Fox hunting, the 500-year-old sport of red-coated riders, baying hounds and pealing horns, has suddenly become endangered, though not the animal itself. Considered pests by farmers, who shoot and snare far more of them than hunters ever harm, foxes are flourishing in Britain. So are the ranks of those who would abolish the sport on grounds of cruelty. Their hopes soared when Tony Blair's Labour Party came to power four years ago, promising to put the matter to Parliament and let party members vote with their consciences. Yet the Labour government, unwilling to offend either the mostly rural voters who see nothing wrong with chasing foxes or the largely city folk who abhor the practice, took its time drafting a hunting bill. Last week, the Labour-dominated House of Commons finally voted 387 to 174 to make hunting wild mammals with dogs a crime.
The vote reflects not only the traditional concerns of animal-loving Britons, but also the country's aggressive animal-rights movement. Hunt supporters have been subjected to physical abuse, arson, hound-nappings and even car bombings. That movement was on the verge of another victory last week as Huntingdon Life Sciences, a major research laboratory targeted by activists over animal experimentation, hovered at the edge of insolvency after bankers and shareholders withdrew support for fear of boycotts.
When the fox hunting ban might become law is uncertain, but almost surely not before a general election expected in May. The bill is likely to be blocked by Parliament's upper chamber, the House of Lords. And even if Labour is re-elected, as expected, implementation could be two years away. Still, anti-hunt campaigners like Wendy Williams, a retired London social worker, were delighted by last week's vote. Said she: "The sport is cruel, barbaric and belongs to another century."
The sport also claims some 200,000 participants, who see the ban as an attack on their rural way of life by an uncaring urban government — particularly at a time when farming in Britain is suffering its worst depression since the 1930s. At pro-hunt demonstrations around the country, red-jacketed protesters wore "Back off Blair" buttons, and many said they would ignore the law and risk jail — a safe boast with Britain's overstretched police not eager to enforce it. Other hunters pointed to a study for the government by Lord Burns, a respected former civil servant, who estimated that 6,000 to 8,000 jobs would be jeopardized. "I will lose my job and the house that goes with it," said Gary Thorpe, a full-time employee of the Vale of Aylesbury hunt. "Many country jobs, particularly those with horses, are tied in with hunting." Thorpe said he is concerned about the country's 20,000 hounds, which live as packs in kennels and are unsuitable as house-pets. Most of all, hunting supporters lament the possible loss of what they consider an important social activity. The Burns study found that in some communities hunting is a "significant cohesive force, encouraging a system of mutual support."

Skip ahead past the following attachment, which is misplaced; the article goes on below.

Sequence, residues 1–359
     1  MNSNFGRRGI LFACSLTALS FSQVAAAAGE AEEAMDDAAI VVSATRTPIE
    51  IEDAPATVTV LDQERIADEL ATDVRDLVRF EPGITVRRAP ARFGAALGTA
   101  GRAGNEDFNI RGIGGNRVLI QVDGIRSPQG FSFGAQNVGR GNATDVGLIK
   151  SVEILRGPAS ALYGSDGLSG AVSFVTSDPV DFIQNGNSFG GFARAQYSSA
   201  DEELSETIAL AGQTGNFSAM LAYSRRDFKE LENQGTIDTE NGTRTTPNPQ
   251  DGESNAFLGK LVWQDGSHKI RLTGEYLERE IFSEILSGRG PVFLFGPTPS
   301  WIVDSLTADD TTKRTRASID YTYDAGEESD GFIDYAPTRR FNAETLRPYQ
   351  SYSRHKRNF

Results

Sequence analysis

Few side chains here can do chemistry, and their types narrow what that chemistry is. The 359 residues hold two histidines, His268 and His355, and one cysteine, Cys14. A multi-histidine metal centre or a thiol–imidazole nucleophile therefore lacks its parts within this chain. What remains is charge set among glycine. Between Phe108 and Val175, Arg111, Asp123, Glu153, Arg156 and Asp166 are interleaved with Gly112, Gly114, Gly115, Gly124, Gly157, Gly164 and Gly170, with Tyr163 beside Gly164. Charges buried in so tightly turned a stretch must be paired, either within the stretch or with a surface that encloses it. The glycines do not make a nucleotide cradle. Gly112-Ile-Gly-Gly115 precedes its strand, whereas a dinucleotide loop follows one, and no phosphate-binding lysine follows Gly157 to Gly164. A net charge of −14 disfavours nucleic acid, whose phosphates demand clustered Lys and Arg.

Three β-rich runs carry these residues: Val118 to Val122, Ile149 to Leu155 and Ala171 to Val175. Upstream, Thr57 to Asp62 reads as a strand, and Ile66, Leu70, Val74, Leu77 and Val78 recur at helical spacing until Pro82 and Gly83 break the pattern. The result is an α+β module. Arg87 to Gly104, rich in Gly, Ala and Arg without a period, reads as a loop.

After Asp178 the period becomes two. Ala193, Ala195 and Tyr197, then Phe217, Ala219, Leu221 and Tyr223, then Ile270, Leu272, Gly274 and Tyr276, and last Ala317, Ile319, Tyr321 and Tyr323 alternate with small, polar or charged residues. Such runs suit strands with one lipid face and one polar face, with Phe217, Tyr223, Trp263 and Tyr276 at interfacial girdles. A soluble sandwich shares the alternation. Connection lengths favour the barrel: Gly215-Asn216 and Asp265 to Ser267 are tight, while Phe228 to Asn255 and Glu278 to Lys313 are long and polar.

Opinion polls have long shown that most Britons dislike hunting and favor its abolition. Yet as that prospect suddenly became more likely, the chattering classes began to express misgivings. While many commentators found it difficult to champion a sport whose goal is to have a small animal torn apart by dogs, some fretted that proscribing it would curtail the liberty of a minority. They noted the Burns study's inability to conclude that it is any crueler to kill foxes with dogs than to shoot or snare them. Guardian columnist Hugo Young accuses New Labour of "intolerance," an intolerance that "doesn't invariably start at the top." He writes: "The determination to ban hunting with dogs seems to be mainly an impulse springing from the urban grass roots." Those grass-roots supporters — and the Labour M.P.s who voted for the measure — need encouragement for the coming election. Taking a long-popular action like banning fox hunting can only help morale.
Pro-hunting groups plan to descend on London in March, hoping to outdo the 280,000 supporters at a protest in 1998. That event changed few parliamentary minds, but unless Blair changes tack, fox-hunting partisans seem to have few options left — except to flout the law in such numbers as to make the countryside ungovernable. And to bay for the blood of Tony Blair in the next elections.